I'm a Londoner through and through. I know Mr Gog personally. I know Ma Gog even more personally. During the day I can walk anywhere from Bow to Bayswater faster than any taxi. I love the markets. Brick Lane. Church Street. Portobello. You won't find me on a bike with my bum in the air on a winter's afternoon. I walk or drive. Nothing in between. I wear a camel-hair in winter and a Barraclough's in summer. You know what would happen to a coat like that on a bike.
I love the theatre. I like modern dance, very good movies and ambitious international contemporary music. I like poetry, prose, painting and the decorative arts. I like the lot, the very best that London's got, the whole bloody casserole. I gobble it all up and bang on my bowl for more. Let timid greenbelters creep in at weekends and sink themselves in the West End's familiar deodorised shit if they want to. That's not my city. That's a tourist set. It's what I live off. What all of us show-people live off. It's the old, familiar circus. The big rotate.
We're selling what everybody recognises. What makes them feel safe and certain and sure of every single moment in the city. Nothing to worry about in jolly old London. We sell charm and colour by the yard. Whole word factories turn out new rhyming slang and saucy street characters are trained on council grants. Don't frighten the horses. Licensed pearlies pause for a photo-opportunity in the dockside Secure Zones. Without all that cheap scenery, without our myths and magical skills, without our whorish good cheer and instincts for trade -- any kind of trade -- we probably wouldn't have a living city.
As it is, the real city I live in has per square inch more creative energy at work at any given moment than anywhere else on the planet. But you'd never know it from a stroll up the Strand. It's almost all in those lively little sidestreets the English-speaking tourists can't help feeling a bit nervous about and which the French adore.
If you use music for comfortable escape you'd probably find more satisfying and cheaper relief in a massage parlour than at the umpteenth revival of The Sound of Music. I'd tell that to any hesitant punter who's not too sure. Check out the phone boxes for the ladies, I'd say, or you can go to the half-price ticket-booth in Leicester Square and pick up a ticket that'll deliver real value -- Ibsen or Shakespeare, Shaw or Greenbank. Certainly you can fork out three hundred sheets for a fifty sheet ticket that in a justly-ordered world wouldn't be worth two pee and have your ears salved and your cradle rocked for two hours. Don't worry, I'd tell them, I make no judgements. Some hard-working whore profits, whatever you decide. So who's the cynic?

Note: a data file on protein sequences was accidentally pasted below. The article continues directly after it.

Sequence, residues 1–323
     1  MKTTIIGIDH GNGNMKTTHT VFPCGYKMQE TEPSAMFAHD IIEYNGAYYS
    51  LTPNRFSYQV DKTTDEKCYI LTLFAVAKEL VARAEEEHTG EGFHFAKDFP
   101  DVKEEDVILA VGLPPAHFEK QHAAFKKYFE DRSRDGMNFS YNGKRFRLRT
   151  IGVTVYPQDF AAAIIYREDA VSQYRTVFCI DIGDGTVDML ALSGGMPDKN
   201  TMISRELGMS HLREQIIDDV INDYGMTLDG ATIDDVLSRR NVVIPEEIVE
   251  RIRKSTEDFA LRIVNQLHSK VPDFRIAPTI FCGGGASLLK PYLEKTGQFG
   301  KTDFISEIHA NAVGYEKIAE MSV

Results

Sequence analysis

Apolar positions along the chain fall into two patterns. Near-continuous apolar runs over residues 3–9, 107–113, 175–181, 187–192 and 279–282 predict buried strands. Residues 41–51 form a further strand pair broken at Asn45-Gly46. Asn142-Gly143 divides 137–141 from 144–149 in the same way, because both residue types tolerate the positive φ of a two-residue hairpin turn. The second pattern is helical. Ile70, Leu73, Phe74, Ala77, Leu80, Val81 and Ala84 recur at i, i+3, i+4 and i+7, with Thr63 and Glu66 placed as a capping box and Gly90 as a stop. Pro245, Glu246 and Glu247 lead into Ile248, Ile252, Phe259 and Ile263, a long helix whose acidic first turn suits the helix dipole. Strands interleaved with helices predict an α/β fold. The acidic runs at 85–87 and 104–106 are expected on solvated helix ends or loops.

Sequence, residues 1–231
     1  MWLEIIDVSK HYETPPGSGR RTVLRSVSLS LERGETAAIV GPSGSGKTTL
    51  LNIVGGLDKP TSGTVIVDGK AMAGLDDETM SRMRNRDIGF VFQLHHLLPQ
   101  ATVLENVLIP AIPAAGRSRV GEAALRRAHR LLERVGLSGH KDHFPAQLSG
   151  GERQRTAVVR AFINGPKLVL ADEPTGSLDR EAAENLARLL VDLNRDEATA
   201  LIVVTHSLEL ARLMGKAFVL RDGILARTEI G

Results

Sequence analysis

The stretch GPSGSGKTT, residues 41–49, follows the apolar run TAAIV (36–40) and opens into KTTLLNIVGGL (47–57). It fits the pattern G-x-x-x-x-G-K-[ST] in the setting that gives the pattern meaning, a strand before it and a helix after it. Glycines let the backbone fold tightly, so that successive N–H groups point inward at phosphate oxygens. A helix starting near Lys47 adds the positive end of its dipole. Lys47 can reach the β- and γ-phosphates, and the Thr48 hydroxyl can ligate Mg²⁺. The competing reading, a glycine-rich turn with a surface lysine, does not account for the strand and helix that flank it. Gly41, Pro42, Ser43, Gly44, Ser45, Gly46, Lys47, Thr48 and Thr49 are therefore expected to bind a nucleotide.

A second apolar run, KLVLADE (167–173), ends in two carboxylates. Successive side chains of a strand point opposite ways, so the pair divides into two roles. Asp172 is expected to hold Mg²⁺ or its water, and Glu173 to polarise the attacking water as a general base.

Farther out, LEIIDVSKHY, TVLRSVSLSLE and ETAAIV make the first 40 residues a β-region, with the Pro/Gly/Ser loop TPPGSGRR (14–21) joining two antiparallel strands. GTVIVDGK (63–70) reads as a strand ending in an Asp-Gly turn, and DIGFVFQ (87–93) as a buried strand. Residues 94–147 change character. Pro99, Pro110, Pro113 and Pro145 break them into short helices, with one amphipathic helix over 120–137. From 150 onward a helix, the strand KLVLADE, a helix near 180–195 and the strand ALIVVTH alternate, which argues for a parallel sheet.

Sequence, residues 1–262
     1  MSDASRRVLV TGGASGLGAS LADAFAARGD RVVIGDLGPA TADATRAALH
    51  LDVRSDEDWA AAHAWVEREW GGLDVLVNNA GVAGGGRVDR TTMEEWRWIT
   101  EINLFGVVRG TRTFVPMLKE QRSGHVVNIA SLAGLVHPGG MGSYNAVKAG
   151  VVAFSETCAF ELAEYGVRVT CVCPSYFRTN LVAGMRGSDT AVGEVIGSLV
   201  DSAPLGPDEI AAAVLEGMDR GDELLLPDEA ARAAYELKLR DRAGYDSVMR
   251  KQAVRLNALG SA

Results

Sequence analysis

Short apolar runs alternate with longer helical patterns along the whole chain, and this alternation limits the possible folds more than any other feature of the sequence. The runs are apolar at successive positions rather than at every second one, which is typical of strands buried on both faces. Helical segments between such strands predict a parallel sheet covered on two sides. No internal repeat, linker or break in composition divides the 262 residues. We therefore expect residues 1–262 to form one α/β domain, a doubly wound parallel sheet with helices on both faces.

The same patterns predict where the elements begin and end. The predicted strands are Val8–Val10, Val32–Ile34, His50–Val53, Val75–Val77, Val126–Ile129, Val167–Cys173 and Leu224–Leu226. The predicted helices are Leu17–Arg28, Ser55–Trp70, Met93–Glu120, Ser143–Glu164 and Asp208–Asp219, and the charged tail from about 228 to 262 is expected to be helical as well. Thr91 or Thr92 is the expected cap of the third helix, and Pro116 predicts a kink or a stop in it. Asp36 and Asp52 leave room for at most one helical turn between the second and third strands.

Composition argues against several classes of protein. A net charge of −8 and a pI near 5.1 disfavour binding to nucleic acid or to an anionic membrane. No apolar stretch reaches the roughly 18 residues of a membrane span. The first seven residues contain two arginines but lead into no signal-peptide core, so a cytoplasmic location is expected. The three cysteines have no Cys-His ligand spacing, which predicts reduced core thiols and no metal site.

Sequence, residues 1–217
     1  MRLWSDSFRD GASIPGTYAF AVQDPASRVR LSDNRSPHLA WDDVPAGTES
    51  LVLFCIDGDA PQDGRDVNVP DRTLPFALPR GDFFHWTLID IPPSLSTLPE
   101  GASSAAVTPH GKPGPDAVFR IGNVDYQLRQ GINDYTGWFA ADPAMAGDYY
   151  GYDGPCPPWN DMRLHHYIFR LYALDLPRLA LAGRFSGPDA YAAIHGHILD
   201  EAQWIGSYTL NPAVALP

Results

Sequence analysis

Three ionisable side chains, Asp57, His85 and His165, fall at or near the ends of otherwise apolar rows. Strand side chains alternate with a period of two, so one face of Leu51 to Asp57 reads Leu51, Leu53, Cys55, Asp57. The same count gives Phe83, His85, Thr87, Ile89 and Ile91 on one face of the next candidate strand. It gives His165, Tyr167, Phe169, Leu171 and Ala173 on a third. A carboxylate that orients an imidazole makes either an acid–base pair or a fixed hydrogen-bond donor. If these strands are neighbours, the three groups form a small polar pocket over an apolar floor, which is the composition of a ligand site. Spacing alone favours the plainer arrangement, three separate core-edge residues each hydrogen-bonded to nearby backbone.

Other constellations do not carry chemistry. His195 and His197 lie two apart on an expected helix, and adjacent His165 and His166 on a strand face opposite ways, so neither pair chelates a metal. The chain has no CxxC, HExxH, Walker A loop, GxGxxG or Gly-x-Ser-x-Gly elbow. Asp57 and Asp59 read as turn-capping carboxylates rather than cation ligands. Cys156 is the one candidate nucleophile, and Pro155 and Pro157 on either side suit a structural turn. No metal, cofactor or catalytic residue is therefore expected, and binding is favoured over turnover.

I went on one of those tours when my friends Dave and Di from Bury came up for the Festival of London in 200l and it's amazing the crap they tell people. They put sex, violence and money into every story. They know fuck-all. They soup everything up. It's Sun-reader history. Even the Beefeaters at the Tower. Poppinsland. All that old English duff.
It makes you glad to get back to Soho.
Not so long ago you would usually find me in the Princess Louise, Berwick Street, at lunch time, a few doors down from the Chinese chippy and just across from Mrs White's trim stall in Berwick Market. It's only a narrow door and is fairly easy to miss. It has one bottle-glass window onto the street. This is a public house which has not altered since the 1940s when it was very popular with Dylan Thomas, Mervyn Peake, Ruthven Todd, Henry Treece and a miscellaneous bunch of other Welsh adventurers who threatened for a while to take over English poetry from the Irish.
It's a shit pub, so dark and smoky you can hardly find your glass in front of your face, but the look of it keeps the tourists out. It's used by all the culture pros -- from arty types with backpacks, who do specialised walking tours, to famous gallery owners and top museum management -- and by the heavy metal bikers. We all get on a treat. We are mutually dependent in our continuing resistance to invasion or change, to the preservation of the best and most vital aspects of our culture. We leave them alone because they protect us from the tourists, who might recognise us and make us put on our masks in a hurry. They leave us alone because the police won't want to bother a bunch of well-connected middle-class wankers like us. It is a wonderful example of mutuality. In the back rooms, thanks to some freaky acoustics, you can talk easily above the music and hardly know it's there.
Over the years there have been some famous friendships and unions struck between the two groups. My own lady wife was known as Karla the She Goat in an earlier incarnation and had the most exquisite and elaborate tattoos I ever saw. She was a wonderful wife and would have made a perfect mother. She died on the Al, on the other side of Watford Gap. She had just found out she was pregnant and was making her last sentimental run. It did me in for marriage after that. And urban romance.
I first heard about London Bone in the Princess Lou when Claire Rood, that elegant old dike from the Barbican, who'd tipped me off about my new tailor, pulled my ear to her mouth and asked me in words of solid gin and garlic to look out for some for her, darling. None of the usual faces seemed to know about it. A couple of top level museum people knew a bit, but it was soon obvious they were hoping I'd fill them in on the details. I showed them a confident length of cuff. I told them to keep i touch.